24. 24. Interparticle Forces Disruptive forces are those forces that make particles move away from each other. These forces result predominately from the particle motion. Disruptive forces increase with temperature in agreement with postulate 4. We can conclude that as we increase the temperature particles will become further apart from each other.
  25. 25. Tutorial 1  State and describe briefly three (3) main types of intermolecular forces.  State five (5) assumption in the kinetic molecular theory
  26. 26. A Gas  Has neither a definite volume nor shape.  Uniformly fills any container.  Mixes completely with any other gas  Exerts pressure on its surroundings.
  27. 27. Earth-like Atmosphere Composition of Earth’s Atmosphere Compound %(Volume) Mole Fractiona Nitrogen Oxygen Argon Carbon dioxide 78.08 20.95 0.934 0.033 0.7808 0.2095 0.00934 0.00033 Methane Hydrogen 2 x 10-4 5 x 10-5 2 x 10-6 5 x 10-7 a. mole fraction = mol component/total mol in mixture.
  28. 28. A mercury barometer The column height is proportional to the atmospheric pressure. Atmospheric pressure results from the mass of the atmosphere and gravitational forces. The pressure is the force per unit area. P = F/A 1 atm = 760 mmHg 1 atm = 1.01325 E5 Pa 1 mmHg = 1 torr
  29. 29. Units for Expressing Pressure Unit Atmosphere Pascal (Pa) Kilopascal (kPa) mmHg Torr Bar mbar psi Value 1 atm 1 atm = 1.01325 x 105 Pa 1 atm = 101.325 kPa 1 atm = 760 mmHg 1 atm = 760 torr 1 atm = 1.01325 bar 1 atm = 1013.25 mbar 1 atm = 14.7 psi
  30. 30. Pressure is equal to force/unit area  SI units = Newton/meter2 = 1 Pascal (Pa)  1 standard atmosphere = 101,325 Pa (100,000 Pa = 1 bar)  1 standard atmosphere = 1 atm =  760 mm Hg = 760 torr = 1013.25 hPa = 14.695 psi Meteorologists often report pressure in millibar; 1 mbar =0.001bar =0.1 kPa = 1hPa
  31. 31. Variables Affecting Gases  Pressure (P)  Volume (V)  Temperature  Number (T) of Moles (n)
  32. 32. Elevation and Atmospheric Pressure
  33. 33. Manometer Manometers are used to measure gas pressure in closed systems. For instance in a reaction vessel.
  34. 34. The Gas Laws and Absolute Temperature The relationship between the volume, pressure, temperature, and mass of a gas is called an equation of state. We will deal here with gases that are not too dense. Boyle’s Law: the volume of a given amount of gas is inversely proportional to the pressure as long as the temperature is constant.
  35. 35. Boyle Law…pressure is inversely proportional to volume (at constant T and moles, n).
  36. 36. The Gas Laws and Absolute Temperature The volume is linearly proportional to the temperature, as long as the temperature is somewhat above the condensation point and the pressure is constant: Extrapolating, the volume becomes zero at −273.15°C; this temperature is called absolute zero.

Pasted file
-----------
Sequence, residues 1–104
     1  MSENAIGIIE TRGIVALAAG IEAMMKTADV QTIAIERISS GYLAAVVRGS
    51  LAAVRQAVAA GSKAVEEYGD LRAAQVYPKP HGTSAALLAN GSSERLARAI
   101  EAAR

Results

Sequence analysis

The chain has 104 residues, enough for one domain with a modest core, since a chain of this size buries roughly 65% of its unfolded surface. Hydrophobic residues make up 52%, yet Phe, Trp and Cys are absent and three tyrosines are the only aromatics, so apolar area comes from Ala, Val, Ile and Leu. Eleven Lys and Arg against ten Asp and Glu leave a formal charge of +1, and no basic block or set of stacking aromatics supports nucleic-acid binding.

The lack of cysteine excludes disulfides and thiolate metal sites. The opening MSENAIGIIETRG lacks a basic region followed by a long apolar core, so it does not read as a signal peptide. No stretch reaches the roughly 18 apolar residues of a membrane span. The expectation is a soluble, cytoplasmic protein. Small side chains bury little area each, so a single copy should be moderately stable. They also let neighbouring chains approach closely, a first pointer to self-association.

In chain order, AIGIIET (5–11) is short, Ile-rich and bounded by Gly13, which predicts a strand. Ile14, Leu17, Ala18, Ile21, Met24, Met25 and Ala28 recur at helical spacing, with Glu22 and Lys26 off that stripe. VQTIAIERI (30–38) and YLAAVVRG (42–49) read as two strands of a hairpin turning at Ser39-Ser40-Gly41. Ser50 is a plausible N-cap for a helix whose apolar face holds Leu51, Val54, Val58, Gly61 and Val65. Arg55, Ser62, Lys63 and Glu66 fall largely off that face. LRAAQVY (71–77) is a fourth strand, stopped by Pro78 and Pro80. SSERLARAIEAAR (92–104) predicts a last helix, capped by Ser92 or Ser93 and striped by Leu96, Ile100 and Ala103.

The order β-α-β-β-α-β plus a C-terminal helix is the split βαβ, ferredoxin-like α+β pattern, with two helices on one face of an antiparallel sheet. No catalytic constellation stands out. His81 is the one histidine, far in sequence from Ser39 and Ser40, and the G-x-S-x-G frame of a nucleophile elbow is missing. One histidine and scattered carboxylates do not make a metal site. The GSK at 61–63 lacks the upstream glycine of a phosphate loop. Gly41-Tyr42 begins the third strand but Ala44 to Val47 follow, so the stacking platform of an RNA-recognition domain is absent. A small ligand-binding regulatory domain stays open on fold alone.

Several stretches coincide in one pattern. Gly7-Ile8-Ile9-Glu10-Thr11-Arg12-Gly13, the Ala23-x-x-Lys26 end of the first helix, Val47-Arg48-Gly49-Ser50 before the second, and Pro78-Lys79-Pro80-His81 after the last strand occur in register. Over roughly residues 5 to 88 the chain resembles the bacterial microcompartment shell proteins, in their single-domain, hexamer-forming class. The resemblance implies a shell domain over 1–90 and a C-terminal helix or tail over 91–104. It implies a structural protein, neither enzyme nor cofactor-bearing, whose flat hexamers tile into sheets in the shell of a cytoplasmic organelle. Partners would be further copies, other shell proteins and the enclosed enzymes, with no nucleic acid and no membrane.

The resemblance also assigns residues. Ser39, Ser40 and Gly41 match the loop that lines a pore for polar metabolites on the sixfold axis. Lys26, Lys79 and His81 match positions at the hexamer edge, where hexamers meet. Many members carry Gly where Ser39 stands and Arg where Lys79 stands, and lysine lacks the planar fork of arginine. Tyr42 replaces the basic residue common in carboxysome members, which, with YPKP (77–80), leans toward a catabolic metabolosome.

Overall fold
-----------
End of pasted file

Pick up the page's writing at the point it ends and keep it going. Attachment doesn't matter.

37. 37. Avogadro’s Law  For a gas at constant temperature and pressure, the volume is directly proportional to the number of moles of gas (at low pressures). V α n V1 = V2 n1 n2
  38. 38. The Gas Laws and Absolute Temperature The concept of absolute zero allows us to define a third temperature scale – the absolute, or Kelvin, scale. This scale starts with 0 K at absolute zero, but otherwise is the same as the Celsius scale. Therefore, the freezing point of water is 273.15 K, and the boiling point is 373.15 K. Finally, when the volume is constant, the pressure is directly proportional to the temperature:
  39. 39. Combined Gas Law  Combining the gas laws the relationship P α T(n/V) can be obtained.  If n (number of moles) is held constant, then PV/T = constant. P1 V P2 V 1 2 = T T 1 2
  40. 40. Ideal Gas Law PV = nRT R = universal gas constant = 0.08206 L atm K-1 mol-1 P = pressure in atm V = volume in liters n = moles T = temperature in Kelvin
  41. 41. Standard Temperature and Pressure (for gases) “STP”     P = 1 atmosphere T = 0°C The molar volume of an ideal gas is 22.42 liters at STP (put 1 mole, 1 atm, R, and 273 K in the ideal gas law and calculate V) Note STP is different for other phases, e.g. solutions or enthalpies of formation.
  42. 42. The Ideal Gas Law A mole (mol) is defined as the number of grams of a substance that is numerically equal to the molecular mass of the substance: 1 mol H2 has a mass of 2 g 1 mol Ne has a mass of 20 g 1 mol CO2 has a mass of 44 g The number of moles in a certain mass of material:
  43. 43. The Ideal Gas Equation • Charles’s Law: 1 V ∝ (constant n, T ) P V ∝ T (constant n, P ) • Avogadro’s Law: V ∝ n (constant P, T ) • Boyle’s Law: • We can combine these into a general gas law: nT V∝ P
  44. 44. The Ideal Gas Equation • R = gas constant, then  nT  V = R   P  • The ideal gas equation is: PV = nRT • R = 0.08206 L·atm/mol·K = 8.3145 J/mol·K • J = kPa·L = kPa·dm3 = Pa·m3 • Real Gases behave ideally at low P and high T.